Battle on the edge

Posted by Ken Campbell June 28, 2008 0 Comment 672 views

The Makah reservation occupies the northwest tip of the Olympic Peninsula and includes Tatoosh Island. There are stories, however, that say this was not always the case.

Back then, when humans sang songs to whales as they hunted them and spirits roamed the dark green forests, the area was the home of the Nittinat tribe. The Makah lived further to the south, on the banks of the Ozette River. Conflict between the tribes was never far from the surface and at one point, the conflict turned into open warfare.

The Makah fought first to evict the Nittinat from Tatoosh Island. The battles were fierce and many combatants on both sides were killed. After driving the Nittinat from the island, the Makah took the battle to them once more in Neah Bay. Only two Nittinat chiefs remained. One of them, seeking to stop the slaughter, offered to marry the daughter of one of the Makah chiefs. Détente, sort of.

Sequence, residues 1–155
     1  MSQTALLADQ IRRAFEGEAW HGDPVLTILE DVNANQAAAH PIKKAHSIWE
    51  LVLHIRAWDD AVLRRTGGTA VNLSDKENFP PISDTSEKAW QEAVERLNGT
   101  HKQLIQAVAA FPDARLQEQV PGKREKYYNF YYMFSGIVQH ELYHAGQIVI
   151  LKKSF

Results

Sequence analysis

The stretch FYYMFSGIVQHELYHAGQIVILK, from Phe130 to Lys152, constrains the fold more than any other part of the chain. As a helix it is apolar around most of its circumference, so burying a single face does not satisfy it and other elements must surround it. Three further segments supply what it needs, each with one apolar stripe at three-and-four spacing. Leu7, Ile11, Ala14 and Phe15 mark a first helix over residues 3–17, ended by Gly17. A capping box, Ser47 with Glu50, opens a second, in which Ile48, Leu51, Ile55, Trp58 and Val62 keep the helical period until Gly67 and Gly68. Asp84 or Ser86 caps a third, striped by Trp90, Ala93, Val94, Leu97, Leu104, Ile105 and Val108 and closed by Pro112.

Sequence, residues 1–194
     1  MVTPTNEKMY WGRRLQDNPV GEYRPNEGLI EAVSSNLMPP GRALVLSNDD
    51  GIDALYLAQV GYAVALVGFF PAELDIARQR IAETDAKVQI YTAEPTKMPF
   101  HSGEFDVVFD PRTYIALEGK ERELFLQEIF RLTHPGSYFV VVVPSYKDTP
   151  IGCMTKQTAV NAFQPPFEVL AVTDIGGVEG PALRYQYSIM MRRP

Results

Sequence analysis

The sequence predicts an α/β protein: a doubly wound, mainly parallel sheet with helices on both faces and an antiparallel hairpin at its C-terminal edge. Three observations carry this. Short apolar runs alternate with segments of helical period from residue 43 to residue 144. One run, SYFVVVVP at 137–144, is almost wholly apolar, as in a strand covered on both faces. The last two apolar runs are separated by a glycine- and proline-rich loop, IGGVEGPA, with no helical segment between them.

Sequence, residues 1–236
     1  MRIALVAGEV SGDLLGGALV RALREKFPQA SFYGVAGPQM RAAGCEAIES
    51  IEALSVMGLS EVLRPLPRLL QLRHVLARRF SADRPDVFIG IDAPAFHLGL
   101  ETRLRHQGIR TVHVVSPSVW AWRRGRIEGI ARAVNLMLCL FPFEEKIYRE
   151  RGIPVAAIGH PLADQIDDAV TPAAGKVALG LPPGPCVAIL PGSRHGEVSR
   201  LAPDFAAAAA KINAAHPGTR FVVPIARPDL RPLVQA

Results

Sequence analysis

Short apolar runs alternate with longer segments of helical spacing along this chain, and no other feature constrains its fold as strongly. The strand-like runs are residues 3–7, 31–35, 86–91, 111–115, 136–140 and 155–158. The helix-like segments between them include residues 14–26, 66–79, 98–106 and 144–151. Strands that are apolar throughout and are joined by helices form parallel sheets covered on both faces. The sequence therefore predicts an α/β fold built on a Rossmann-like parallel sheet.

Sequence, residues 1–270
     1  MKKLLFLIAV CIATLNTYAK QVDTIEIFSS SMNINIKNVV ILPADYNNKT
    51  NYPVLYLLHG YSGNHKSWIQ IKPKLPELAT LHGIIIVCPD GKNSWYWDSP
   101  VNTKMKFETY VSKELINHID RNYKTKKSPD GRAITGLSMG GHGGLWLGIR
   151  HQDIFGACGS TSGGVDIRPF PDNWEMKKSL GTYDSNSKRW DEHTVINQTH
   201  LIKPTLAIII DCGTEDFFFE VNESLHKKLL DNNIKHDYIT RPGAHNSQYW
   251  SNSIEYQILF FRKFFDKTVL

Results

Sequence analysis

The Makah elders had a different idea. Rather than sending the maiden that had been requested, they sent her brother, in drag. The two kids were twins and apparently the family resemblance was enough to get the “bride” through the door. With a knife hidden in his skirts, the young man surprised the Nittinat chief (if “surprised” is really the right word), separated his head from his body, and brought the bloody trophy back to his own people.

The last Nittinat chief was ambushed and killed when he was returning from fishing. Leaderless and with understandably low morale, the remaining Nittinat piled into their dugouts and paddled north. The Nitinat First Nation currently makes its home on the west coast of Vancouver Island, just across the mouth of the Strait of Juan de Fuca from Neah Bay.

The Makah have lived at the corner of the country ever since. They built a culture centered around whaling and thrived for centuries before being laid low by diseases against which they could not fight back. Even today, the population is a fraction of what it used to be.

It can be difficult, no matter who you are, living on the edge.

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